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State Board of Education says ‘no’ to waivers for missed school days

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State Board of Education says ‘no’ to waivers for missed school days

Members of the state Board of Education unanimously decided to reject all waiver requests from county school systems trying to get to the required 180 school instructional days following a tough winter.

 Shauna Johnson in News | WV MetroNews

CHARLESTON, W.Va. – Students in all 55 county school systems in West Virginia will have to complete 180 days of school before their summer breaks can start. For some, that will mean staying in class until nearly the end of June.

On Wednesday, members of the state Board of Education voted unanimously to deny waiver requests from 27 counties seeking to use accrued time – banked hours and minutes of instruction – to make up school days missed this year because of bad weather or other reasons.

Originally, the Board had offered the waivers as options for counties struggling to get to the instructional day mark that is set in state law. Gayle Manchin, president of the state BOE, said a closer reading of the law revealed the waiver limits.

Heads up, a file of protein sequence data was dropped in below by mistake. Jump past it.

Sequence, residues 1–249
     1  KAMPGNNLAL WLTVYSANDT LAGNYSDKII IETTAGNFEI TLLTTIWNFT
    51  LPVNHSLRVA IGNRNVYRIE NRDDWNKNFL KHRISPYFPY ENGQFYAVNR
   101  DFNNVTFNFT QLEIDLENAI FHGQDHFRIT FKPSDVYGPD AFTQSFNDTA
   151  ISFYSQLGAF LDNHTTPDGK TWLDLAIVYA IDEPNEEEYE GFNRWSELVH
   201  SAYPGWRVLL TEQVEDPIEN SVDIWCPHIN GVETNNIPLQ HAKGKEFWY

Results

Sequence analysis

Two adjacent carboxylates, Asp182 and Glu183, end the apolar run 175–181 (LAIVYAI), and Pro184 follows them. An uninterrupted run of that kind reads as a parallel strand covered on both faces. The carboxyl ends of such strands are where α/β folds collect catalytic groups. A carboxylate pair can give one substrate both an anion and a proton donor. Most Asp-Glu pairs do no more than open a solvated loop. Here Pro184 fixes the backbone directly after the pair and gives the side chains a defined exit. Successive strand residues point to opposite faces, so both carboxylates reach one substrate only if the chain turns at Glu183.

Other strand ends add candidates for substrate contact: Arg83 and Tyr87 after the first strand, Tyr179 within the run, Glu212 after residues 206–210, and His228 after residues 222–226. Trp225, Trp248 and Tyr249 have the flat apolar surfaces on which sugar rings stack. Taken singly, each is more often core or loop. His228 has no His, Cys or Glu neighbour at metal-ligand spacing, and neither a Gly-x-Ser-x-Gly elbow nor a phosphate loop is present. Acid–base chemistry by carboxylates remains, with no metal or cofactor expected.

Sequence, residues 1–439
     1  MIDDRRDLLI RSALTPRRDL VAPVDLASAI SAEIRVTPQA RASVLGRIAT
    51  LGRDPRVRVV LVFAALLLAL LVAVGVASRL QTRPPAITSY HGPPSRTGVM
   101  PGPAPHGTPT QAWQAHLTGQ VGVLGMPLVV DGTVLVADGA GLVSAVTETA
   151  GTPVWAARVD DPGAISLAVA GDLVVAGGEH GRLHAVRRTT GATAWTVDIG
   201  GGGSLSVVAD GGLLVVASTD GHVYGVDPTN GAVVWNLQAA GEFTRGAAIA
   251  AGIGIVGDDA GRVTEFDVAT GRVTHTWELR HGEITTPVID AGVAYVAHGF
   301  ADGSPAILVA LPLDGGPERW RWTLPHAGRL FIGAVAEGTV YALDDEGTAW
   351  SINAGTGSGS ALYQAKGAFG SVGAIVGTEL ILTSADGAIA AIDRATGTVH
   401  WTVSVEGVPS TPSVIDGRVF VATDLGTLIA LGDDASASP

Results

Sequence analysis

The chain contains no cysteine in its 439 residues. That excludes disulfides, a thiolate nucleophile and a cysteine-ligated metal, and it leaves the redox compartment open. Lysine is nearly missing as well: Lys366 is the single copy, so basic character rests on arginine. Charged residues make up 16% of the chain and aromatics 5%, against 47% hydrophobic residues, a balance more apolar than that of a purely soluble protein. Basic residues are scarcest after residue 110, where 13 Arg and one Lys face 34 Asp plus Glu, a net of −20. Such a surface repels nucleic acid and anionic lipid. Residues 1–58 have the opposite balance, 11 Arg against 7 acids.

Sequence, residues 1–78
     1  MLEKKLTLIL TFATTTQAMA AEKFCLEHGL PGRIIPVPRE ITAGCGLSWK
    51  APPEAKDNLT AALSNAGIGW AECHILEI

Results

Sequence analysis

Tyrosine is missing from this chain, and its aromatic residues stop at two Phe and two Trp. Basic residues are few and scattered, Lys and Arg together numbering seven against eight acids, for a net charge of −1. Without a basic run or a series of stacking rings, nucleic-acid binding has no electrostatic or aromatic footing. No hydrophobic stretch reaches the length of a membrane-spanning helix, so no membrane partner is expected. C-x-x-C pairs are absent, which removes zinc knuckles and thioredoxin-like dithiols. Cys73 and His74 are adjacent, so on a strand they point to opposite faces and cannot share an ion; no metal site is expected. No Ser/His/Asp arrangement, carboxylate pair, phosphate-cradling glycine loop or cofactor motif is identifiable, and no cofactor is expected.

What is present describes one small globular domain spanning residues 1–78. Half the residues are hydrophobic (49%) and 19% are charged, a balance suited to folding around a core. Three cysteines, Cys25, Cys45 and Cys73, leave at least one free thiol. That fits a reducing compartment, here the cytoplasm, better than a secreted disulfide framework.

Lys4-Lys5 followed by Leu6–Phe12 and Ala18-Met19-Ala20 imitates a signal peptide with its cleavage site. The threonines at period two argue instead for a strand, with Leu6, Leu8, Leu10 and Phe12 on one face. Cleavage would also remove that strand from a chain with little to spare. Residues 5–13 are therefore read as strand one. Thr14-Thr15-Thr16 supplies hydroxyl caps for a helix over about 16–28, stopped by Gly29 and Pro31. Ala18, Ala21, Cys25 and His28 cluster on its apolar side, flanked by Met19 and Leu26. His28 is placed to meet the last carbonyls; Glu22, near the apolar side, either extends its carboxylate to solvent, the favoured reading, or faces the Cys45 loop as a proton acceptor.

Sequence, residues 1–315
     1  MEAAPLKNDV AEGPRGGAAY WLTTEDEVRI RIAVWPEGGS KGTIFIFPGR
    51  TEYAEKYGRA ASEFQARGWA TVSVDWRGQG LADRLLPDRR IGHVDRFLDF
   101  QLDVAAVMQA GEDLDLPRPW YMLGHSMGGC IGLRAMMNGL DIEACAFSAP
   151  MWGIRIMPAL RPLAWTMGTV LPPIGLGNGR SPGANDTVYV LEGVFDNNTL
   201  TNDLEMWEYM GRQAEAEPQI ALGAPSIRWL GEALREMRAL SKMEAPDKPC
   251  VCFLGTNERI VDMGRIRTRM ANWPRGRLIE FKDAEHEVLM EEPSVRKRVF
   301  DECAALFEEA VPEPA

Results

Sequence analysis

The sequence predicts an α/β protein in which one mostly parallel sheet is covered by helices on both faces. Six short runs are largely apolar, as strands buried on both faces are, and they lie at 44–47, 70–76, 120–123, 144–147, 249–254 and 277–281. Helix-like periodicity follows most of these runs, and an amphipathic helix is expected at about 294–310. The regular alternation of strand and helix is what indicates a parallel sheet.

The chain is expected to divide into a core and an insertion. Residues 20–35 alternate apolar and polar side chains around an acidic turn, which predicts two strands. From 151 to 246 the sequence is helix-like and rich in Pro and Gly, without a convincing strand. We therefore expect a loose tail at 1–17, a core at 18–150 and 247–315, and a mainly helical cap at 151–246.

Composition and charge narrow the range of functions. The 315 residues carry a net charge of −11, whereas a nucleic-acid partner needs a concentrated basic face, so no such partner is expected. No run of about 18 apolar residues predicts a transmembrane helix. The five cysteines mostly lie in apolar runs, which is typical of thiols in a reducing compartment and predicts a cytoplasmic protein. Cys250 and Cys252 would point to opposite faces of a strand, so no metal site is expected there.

“We saw what we were allowed to grant on a waiver on. We are allowed to grant Saturdays, Sundays, holidays that would still ensure that all children got 180 separate days of instruction,” Manchin said.

“You could use accrued time to actually make a full day out of what had been a partial day of credit. Unfortunately, the waivers that we received were asking for accrued time to end up counting for a full day of instruction.”

For that reason, Lloyd Jackson, a BOE member, argued against the granting of any waivers.

He said there is plenty of room in the school calendars for built-in makeup days. “People forget about that part of the statute. They forget that, in addition to requiring 180 (days), we also made it much more flexible for school boards to do so,” he said.

“SB 359 says, ‘We don’t care if you couldn’t get there that day. You’ve got to have 180 separate days so you have to make that up,'” Jackson said. Gov. Earl Ray Tomblin sign SB 359, the education reform bill, into law in 2013.

Jackson cited Cabell County as an example, a county that is making up more than six snow days this year. Because of how the calendar was developed, students there will still be getting out on May 29 this year. The original school end date in Cabell County had been May 20.

“Build those days in early,” was the advice from Manchin to county superintendents who are currently developing next year’s school calendars.

Legally, the school year cannot go beyond June 30. As of now, students will be in school in parts of West Virginia through June 25.